The game also borrows a few mechanics from its RPG kin, such as battle equipment and leveling your character. Dragon Quest Builder’s tiered crafting system is more lenient when it comes to progression compared with Portal Knights, as more building options are made available in small but frequent bursts. There are also ‘chaptered’ storylines with a very lighthearted and comedic delivery that’s sure to keep you entertained while playing for hours on end.
My only gripe with Dragon Quest Builders is that it’s strictly single player, and while the experience has been pleasant from start to finish, I would have enjoyed sharing this adventure with a friend. Worry not though, as the game features a number of NPCs that you’ll be interacting with throughout the course of the game, and is more than sufficient to keep you from feeling alone. Heck, the goddess will be talking to you so much, you will probably ask for some space after being bombarded with random monologs from time to time.
It’s really fun, and I would easily recommend it to anyone who’s looking for a good building game.
Why you should try it
- It’s Dragon Quest
- Amazingly implemented mixture of combat, crafting, and exploration with an overarching storyline
- Entertainingly witty humor
- Streamlined crafting system that doesn’t overwhelm newer players, but still provides enough variety to not get stale after a while.
Craft the World
Craft the World is a 2D Sandbox building game that combines the norm found in both Minecraft and Terraria with a pseudo-God Simulator gameplay.
Here, players perform mundane tasks with their army of dwarves, which is somewhat of a breath of fresh air compared to the solo experience commonly offered by crafting games. Not only do your dwarves help you with gathering but through combat as well, fending off monsters that lurk the land in a unique tower defense format.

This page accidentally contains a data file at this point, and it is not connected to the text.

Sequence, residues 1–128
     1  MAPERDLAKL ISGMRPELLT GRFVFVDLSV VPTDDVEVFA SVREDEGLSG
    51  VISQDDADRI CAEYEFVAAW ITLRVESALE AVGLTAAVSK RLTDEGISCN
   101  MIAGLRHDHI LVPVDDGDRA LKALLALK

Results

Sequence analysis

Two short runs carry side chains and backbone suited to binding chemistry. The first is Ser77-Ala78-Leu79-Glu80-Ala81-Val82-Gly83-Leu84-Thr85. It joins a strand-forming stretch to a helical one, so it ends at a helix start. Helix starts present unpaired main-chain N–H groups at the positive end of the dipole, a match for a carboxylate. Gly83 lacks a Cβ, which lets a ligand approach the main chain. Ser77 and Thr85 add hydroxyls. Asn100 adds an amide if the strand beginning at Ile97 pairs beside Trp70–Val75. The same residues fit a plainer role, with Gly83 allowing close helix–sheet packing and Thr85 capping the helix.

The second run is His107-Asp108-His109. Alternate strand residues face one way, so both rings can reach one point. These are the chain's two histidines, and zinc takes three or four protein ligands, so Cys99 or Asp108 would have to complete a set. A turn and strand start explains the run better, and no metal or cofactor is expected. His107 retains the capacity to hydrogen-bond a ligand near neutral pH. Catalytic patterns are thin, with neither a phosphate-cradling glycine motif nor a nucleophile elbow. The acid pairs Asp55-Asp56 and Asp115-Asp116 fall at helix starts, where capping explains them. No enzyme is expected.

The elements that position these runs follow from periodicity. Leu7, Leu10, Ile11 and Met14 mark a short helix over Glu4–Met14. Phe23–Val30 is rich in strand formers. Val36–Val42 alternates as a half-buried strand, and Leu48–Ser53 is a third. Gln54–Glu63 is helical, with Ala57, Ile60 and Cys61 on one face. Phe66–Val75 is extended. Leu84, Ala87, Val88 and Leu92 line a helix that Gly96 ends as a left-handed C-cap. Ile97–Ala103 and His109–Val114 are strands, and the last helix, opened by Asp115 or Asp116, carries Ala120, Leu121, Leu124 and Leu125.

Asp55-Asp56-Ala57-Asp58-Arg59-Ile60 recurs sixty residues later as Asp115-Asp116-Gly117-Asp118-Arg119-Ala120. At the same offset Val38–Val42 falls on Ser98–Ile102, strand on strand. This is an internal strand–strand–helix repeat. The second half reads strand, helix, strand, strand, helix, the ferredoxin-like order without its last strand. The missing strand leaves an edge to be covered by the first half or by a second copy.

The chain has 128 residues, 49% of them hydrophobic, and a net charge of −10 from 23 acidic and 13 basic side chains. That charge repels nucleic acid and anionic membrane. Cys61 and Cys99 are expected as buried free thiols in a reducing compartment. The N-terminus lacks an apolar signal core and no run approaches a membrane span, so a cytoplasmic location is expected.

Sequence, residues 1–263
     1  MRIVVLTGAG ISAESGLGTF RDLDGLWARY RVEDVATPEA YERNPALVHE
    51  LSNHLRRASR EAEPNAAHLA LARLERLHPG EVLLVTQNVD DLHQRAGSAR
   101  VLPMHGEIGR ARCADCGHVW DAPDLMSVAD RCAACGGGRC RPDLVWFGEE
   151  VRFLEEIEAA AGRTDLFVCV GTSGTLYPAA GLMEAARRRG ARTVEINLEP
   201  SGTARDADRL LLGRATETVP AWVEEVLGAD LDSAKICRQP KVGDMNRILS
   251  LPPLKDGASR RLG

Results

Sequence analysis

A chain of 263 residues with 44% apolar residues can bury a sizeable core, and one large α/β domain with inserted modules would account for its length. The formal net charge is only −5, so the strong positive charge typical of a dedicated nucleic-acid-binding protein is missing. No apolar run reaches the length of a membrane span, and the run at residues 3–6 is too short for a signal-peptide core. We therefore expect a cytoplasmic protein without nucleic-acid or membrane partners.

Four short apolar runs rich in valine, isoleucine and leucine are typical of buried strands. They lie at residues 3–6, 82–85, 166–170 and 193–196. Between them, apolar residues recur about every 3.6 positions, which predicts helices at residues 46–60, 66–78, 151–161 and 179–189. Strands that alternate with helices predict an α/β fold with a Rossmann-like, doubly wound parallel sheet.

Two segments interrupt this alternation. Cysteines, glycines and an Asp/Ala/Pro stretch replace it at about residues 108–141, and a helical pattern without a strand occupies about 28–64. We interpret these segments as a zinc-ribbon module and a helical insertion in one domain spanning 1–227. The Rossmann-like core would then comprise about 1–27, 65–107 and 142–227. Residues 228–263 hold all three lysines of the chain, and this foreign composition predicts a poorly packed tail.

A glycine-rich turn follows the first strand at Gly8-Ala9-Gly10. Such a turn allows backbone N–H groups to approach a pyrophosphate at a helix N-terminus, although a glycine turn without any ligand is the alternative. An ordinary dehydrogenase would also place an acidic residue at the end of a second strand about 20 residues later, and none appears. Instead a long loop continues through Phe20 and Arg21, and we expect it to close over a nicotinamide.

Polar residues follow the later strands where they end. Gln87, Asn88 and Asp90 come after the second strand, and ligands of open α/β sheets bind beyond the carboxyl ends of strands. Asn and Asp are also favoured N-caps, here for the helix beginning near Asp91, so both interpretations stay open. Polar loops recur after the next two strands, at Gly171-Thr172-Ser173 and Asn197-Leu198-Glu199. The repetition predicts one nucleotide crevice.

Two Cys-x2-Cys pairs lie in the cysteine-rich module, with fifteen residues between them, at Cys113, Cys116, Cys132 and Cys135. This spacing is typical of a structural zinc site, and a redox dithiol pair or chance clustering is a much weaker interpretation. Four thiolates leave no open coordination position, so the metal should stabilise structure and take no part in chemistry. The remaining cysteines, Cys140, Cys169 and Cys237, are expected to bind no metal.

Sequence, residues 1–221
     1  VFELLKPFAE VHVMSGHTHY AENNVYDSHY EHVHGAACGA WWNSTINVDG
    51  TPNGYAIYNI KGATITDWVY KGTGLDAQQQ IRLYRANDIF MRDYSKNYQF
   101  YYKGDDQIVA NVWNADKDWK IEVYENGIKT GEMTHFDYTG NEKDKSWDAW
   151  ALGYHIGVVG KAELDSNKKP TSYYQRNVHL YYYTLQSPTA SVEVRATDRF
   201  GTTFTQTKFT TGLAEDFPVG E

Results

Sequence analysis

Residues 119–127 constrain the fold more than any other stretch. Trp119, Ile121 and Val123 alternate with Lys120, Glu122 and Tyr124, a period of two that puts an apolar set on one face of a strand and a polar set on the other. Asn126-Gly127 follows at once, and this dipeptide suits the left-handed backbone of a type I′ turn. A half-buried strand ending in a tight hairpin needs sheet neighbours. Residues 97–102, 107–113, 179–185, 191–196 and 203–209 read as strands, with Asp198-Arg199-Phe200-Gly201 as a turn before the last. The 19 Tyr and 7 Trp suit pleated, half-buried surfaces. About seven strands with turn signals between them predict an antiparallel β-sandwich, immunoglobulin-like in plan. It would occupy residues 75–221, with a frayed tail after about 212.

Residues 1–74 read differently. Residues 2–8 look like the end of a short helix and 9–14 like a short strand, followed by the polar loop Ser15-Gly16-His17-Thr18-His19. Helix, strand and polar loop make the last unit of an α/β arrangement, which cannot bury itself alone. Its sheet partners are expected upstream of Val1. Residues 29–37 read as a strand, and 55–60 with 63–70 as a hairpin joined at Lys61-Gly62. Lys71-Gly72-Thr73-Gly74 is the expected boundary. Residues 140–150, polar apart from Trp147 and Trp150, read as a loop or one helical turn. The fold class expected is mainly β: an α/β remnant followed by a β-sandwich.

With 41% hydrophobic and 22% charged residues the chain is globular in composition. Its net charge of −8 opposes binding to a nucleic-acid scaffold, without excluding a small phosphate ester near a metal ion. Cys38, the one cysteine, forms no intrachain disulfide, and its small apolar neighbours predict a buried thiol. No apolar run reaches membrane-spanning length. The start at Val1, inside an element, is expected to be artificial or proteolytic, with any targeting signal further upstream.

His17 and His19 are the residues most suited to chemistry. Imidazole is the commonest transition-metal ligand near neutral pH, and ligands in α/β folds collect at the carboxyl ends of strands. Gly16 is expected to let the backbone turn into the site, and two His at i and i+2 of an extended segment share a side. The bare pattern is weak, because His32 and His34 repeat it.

While building seems limited due to its forced 2-dimensional perspective, the true fun lies in its micromanaging aspects. Compared to most games of this kind that focus on you fending for yourself, Craft the World makes you build structures with your army in mind, letting you construct rooms, food, and ammunition to help them serve you better. The bigger the structure, the more dwarves it can house, presenting players with the unending dilemma of whether they’re the ones calling the shots or just a dwarven building lackey.
Craft the World also offers a tiered crafting-tree, which constantly unlocks more options upon use. It’s a simple system, but one that efficiently does its job well in familiarizing players with the many items they can build and use. The visuals are crisp but stray a bit from the pixelated glory offered by its predecessors. If you’re looking for an alternative, this game would be a pretty good choice.
Why you should try it
- Dwarven allies help make mundane tasks more bearable
- Interesting inclusion of a tower defense-ish gameplay on a building game
- Beautifully crisp 2D visuals
Scrap Mechanic is a creative multiplayer sandbox game that awakens your inner engineer. Aside from the staple cemented blocks and wooden walls, the game introduces a series of parts that power up your creations, granting players the ability to build actual MOVING contraptions from scrap, instead of the usual stagnant structures. There are over 100 parts to work with, each with unique shapes and sizes, giving players more options when designing their creations.
You can also host or join a friend’s game, as well as view the many submitted creations online whilst submitting your own. Trust me, some people are amazing at this game, creating actual walking AT-ATs, functional robots and even flying jets.
While it is similar to Minecraft in terms of building stuff, what truly makes it shine is the game’s feature that allows you to give life to your creations, making them functional and interactive. Scrap Mechanic even offers a hydraulic jack of sorts, which makes it easier to work on something from an otherwise difficult angle, as mechanics would in real life. Anything you build can also be useful for future projects. Crafting vehicles, for example, can help you transport materials from one place to another with little to no effort. A lengthy read may be needed to familiarize yourself with the system, but once you’ve gotten the hang of it, the sky is the limit.
If you are looking to build something far more complex than a stationary house, then this is your game.
Why you should try it
- A more advanced building experience
- Switches that actually make your contraptions move
- Progressive building in which your other projects can help improve your current ones. Building a truck, for example, can help you bring materials from one place to another with ease
- Lots of parts to work with